Burglary Statistics

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The Zebra

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Key insights + statistics

  • In 2017, the FBI reported 1,401,840 burglaries with 57.5% of all burglaries involving forcible entry. (Criminal Justice Information Services Division)
  • There are 2.5 million burglaries annually in the United States. (FBI)
  • Every 15 seconds a home burglary occurs in the United States. (Crimepreventiontips.com)
  • A break-in occurs every 26 seconds in the US. (FBI)
  • Homes without a security system are 300% more likely to be broken into and burglarized. (Alarms.org)
  • 46.9% of people don’t have a home security system installed in their home. (The Zebra)
  • 83% of would-be burglars check for the presence of an alarm system before attempting a break-in. (FBI)
  • 34% of burglars use the front door when breaking into a home. (Bureau of Justice)
  • There are 2.5 million burglaries annually in the United States. 66% of these are home invasions. (US Department of Justice)
  • Police solve only 13% of reported burglary cases. (Pew Research Center)


How many burglaries there a year?

There are 2.5 million burglaries annually in the United States, according to the United States Department of Justice yearly data, with over half of these being home invasions. Further crime analysis reveals there are four primary types of burglaries: completed burglary, forcible entry, unlawful entry without force, and attempted forcible entry. While these numbers may seem frightening, across the United States, property crime rates have dropped. Furthermore, as security systems become increasingly more affordable and available, protecting your home from external invasions is now easier than ever. 

The Zebra's research team analyzed national data and compiled the following report. Using federal databases such as the Bureau of Justice and Pew Research Center, as well as The Zebra's own proprietary data, the following is an examination into the increasing and decreasing trends of property crime and burglaries (including home invasions), providing holistic insight into a darker side of American life.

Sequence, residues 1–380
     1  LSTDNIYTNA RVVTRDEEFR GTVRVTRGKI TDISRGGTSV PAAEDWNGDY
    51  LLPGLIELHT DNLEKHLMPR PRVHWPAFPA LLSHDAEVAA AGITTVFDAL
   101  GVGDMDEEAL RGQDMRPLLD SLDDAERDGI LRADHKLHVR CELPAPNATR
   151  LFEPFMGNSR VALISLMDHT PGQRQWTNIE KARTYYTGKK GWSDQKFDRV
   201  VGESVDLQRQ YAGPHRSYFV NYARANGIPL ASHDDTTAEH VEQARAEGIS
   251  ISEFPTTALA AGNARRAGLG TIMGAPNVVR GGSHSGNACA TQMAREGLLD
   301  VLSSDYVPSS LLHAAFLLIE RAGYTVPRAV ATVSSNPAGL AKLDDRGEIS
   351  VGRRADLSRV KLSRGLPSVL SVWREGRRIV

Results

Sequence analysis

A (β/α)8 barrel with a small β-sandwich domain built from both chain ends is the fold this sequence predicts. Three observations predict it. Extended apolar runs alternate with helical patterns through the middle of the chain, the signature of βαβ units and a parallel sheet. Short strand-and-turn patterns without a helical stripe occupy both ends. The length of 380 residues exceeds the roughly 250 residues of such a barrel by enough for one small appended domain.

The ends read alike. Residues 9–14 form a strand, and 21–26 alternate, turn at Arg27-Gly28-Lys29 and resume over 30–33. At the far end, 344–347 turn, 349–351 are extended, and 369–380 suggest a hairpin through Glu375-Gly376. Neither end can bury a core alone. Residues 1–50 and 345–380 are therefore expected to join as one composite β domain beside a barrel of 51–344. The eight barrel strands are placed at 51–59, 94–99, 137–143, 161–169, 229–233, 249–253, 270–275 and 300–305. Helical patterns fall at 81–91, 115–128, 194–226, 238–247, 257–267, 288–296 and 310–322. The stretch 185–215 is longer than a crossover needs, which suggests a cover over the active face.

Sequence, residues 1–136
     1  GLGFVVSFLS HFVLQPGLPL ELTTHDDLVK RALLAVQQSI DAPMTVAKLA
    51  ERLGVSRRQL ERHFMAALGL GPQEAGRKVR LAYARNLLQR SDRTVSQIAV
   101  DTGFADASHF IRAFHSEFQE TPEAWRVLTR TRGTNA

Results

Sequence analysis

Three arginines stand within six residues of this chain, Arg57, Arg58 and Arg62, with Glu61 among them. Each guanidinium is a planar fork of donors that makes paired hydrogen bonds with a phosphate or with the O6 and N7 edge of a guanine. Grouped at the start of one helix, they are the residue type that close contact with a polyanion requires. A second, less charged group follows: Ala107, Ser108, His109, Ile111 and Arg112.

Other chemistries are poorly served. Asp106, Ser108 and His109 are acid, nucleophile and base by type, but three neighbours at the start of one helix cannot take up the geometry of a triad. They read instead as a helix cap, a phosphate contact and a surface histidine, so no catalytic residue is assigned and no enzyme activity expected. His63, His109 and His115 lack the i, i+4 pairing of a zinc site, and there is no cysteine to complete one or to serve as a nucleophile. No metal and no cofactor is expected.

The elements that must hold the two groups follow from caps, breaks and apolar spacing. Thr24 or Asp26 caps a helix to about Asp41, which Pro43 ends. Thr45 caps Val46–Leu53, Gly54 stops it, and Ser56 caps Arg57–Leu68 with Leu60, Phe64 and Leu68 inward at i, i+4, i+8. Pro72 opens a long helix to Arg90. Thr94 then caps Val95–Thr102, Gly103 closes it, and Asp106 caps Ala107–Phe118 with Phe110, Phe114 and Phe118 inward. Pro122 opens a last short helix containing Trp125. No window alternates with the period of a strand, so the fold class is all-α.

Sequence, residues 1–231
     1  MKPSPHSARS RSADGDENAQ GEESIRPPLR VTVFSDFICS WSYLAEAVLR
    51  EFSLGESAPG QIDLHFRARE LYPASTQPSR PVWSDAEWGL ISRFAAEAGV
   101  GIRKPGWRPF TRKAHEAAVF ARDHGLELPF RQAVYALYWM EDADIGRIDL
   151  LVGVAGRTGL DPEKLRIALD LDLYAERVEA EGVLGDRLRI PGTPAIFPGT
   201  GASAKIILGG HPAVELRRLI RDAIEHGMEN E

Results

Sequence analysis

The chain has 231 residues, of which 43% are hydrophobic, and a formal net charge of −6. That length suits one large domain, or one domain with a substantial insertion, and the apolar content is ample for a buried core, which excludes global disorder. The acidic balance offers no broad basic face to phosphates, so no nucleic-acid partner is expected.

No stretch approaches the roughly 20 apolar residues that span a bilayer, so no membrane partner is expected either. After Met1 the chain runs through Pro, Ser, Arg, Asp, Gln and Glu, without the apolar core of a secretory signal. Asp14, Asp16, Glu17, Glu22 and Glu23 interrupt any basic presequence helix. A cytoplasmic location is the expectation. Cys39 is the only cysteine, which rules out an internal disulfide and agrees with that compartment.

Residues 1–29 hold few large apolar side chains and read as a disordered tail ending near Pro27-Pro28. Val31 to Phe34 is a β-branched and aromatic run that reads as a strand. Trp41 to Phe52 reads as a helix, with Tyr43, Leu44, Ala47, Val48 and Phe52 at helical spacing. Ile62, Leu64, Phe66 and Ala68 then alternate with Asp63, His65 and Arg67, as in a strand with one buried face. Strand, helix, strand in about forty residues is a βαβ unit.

Table of contents

  1. Burglary statistics
  2. Burglary statistics by year
  3. Burglary statistics by state
  4. Home invasion statistics by room
  5. Statistics around when burglaries occur
  6. Property crime statistics
  7. Criminal psychology statistics
  8. Home insurance and burglaries
  9. Frequently asked questions about home burglary

Burglary statistics (updated)

In September of 2020, The Zebra conducted a nationwide survey of 1,500 American homeowners and renters to gain deeper insight into common concerns and oversights regarding personal security and safety. The survey found that:

  • 46.9% of people don’t have a home security system installed in their home.
  • 20.2% of people have had their cars burglarized, while only 5.8% had their homes burglarized.
  • 15.9% of respondents chose their dog for security reasons.
  • External cameras were listed as the most important feature to have in a security system (32.3%). Motion sensors (28.6%) and floodlights (24.5%) were found to be in the top three most important features.
  • 17.2% of people do not lock their front doors while at their home, despite the front door being the access point for 34% of burglars.
  • 56.1% of respondents have not taken a personal safety training class.
  • 55.4% of respondents have a fire safety evacuation plan.
  • 38% of people own a weapon for personal safety reasons.
most important security feature


However, a large disparity between the behaviors of men and women became apparent when further analysis was conducted. According to the data, women are aware of the threat of home invasion, but do not allow fear to conduct their lives.

  • 57.5% of women have taken a personal safety training course while only 42.5% claimed they had as well.
  • 55.7% of women lock the front door while they’re home, while only 44.3% of men do so. 61.1% of women post on social media when they are away from home, potentially alerting would-be burglaries of an easy target.